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News Undergraduates encouraged to submit research to ‘The Catalyst’

Undergraduates encouraged to submit research to ‘The Catalyst’

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The editorial staff of “The Catalyst,” an online, multidisciplinary undergraduate research journal, is now accepting submissions through the Aquila Digital Community.

Senior English and news-editorial major Hiba Tahir currently serves as the executive editor and works alongside Southern Miss faculty members Jae-Hwa Shin, Josh Cromwell and Marie Danforth. Tahir said she hopes undergraduates, specifically those considering applying for graduate programs will submit their work.

“Though ‘The Catalyst’ may not be as established as other journals, it’s still a reputable peer-reviewed journal,” Tahir said. “If you’re considering graduate study or applying for scholarships or fellowships, being able to say that you were published in a research journal may give you just the competitive edge you need.”

Liaison for the USM Drapeau Center for Undergraduate Research, which fosters student-faculty collaboration in research, Danforth said ‘The Catalyst’ works to introduce undergraduates to publishing and peer-review.

“Sharing results is an essential part of the research process, and publication is one of the primary vehicles for doing that,” Danforth said. “I think it’s more that students just don’t generally consider publishing as a possibility. They are getting more used to doing professional presentations through venues such as UGS, something that didn’t exist even just 15 years ago, so hopefully it will be only a matter of time before they realize that they can also publish their work. We need to spread the work about the benefits of publication, from strengthening the analysis through the review process to gaining a great networking opportunity.”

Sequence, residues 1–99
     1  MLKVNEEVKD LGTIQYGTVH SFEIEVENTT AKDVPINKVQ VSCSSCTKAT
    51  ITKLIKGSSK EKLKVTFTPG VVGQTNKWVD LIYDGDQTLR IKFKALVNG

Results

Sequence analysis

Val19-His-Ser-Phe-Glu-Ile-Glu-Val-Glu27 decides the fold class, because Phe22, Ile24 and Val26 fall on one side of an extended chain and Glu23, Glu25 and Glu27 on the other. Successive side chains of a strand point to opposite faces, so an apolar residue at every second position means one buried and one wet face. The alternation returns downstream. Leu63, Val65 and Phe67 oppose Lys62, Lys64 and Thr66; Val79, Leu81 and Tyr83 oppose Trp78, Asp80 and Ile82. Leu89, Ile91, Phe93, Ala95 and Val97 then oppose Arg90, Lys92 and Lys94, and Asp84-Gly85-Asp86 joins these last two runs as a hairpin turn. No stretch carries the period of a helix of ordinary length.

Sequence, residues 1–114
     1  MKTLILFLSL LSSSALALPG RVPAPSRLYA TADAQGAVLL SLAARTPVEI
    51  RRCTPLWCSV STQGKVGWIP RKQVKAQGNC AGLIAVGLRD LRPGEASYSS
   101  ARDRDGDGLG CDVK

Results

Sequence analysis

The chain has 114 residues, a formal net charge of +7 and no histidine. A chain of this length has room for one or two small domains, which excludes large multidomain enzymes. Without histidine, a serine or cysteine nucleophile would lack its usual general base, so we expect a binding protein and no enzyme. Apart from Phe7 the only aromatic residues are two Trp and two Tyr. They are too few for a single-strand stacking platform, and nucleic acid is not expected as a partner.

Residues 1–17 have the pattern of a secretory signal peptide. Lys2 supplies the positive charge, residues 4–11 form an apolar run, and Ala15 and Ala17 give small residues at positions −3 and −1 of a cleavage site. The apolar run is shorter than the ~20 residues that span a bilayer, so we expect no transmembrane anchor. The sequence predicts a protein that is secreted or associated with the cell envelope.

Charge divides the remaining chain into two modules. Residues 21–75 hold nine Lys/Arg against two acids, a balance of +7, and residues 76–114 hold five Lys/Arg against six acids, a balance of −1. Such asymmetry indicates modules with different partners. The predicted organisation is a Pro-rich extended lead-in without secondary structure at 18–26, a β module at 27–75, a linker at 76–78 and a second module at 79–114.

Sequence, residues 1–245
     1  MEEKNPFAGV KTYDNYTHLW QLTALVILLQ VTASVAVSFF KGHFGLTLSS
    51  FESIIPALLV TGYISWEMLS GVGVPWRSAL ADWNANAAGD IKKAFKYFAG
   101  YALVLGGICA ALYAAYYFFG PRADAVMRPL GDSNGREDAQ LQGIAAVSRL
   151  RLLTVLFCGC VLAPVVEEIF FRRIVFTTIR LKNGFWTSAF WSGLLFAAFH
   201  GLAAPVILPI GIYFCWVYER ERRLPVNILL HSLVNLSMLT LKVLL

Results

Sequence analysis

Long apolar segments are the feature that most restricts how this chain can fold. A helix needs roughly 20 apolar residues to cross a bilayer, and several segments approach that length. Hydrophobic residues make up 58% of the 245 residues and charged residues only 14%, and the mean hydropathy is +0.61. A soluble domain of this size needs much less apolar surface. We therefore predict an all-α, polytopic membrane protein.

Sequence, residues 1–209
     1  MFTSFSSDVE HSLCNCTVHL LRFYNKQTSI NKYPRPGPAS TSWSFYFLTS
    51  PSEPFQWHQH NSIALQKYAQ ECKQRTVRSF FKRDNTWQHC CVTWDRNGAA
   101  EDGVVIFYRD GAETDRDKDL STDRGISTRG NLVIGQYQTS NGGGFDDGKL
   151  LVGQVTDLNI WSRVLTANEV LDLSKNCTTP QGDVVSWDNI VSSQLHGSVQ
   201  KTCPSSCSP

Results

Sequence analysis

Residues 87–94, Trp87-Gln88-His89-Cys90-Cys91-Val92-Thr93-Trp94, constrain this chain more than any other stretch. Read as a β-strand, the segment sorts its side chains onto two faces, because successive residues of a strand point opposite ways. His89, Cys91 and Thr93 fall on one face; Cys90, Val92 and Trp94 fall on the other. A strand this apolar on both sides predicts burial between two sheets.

Because “The Catalyst” is now online-only, submissions can include photo galleries and videos. Students will also be able to retain the full copyright of their work, so that they will be able to publish their papers elsewhere in the future.

Research papers should be 30 pages maximum. However, Tahir said good work will not be rejected because of page count.

“The Catalyst” was reintroduced to the Southern Miss community during the previous academic year when now graduate JD Ridmann relaunched it in spring of 2017. Danforth said DCUR had the same idea as Ridmann.

“We knew there had previously been an undergraduate journal at USM and thought it would be a wonderful opportunity for students to have that outlet for their work,” Danforth said.

“We talked with Dean Weinauer of the Honors College about it, and very coincidentally she said that one of their students, JD Rimann, had recently approached her about establishing a journal. We joined efforts, and that’s how ‘The Catalyst’ became revitalized.”

Volume four issue one featured six articles with analyses about fantasy novels, shopping at the airport, artist Andy Warhol, Spanish food, political rhetoric and the Shakespeare tragedy “Coriolanus.”

Phillip Snyder graduated from Southern Miss in 2017 with a Bachelor’s degree in English and submitted his paper ““Mind Over Magic: Repetition-Compulsion Power Instinct, and Apprehension in Ursula K. Le Guin’s A Wizard of Earthsea” to the last issue because one of his professors told him to consider publishing it.

“I know that people across the world have downloaded my work thanks to the updates I receive from the Aquila database. Furthermore, having a publication under my name in an academic journal makes me more publishable and makes me more marketable for both work and future academics,” Snyder said.

“Really, anything goes as long as it’s good work,” Tahir said.

Those interested should submit their work by finding “The Catalyst” on the Aquila website under “Journals and Newsletters” and then use the online application. Questions concerning “The Catalyst” can be emailed to Tahir at hiba.tahir@usm.edu.


 

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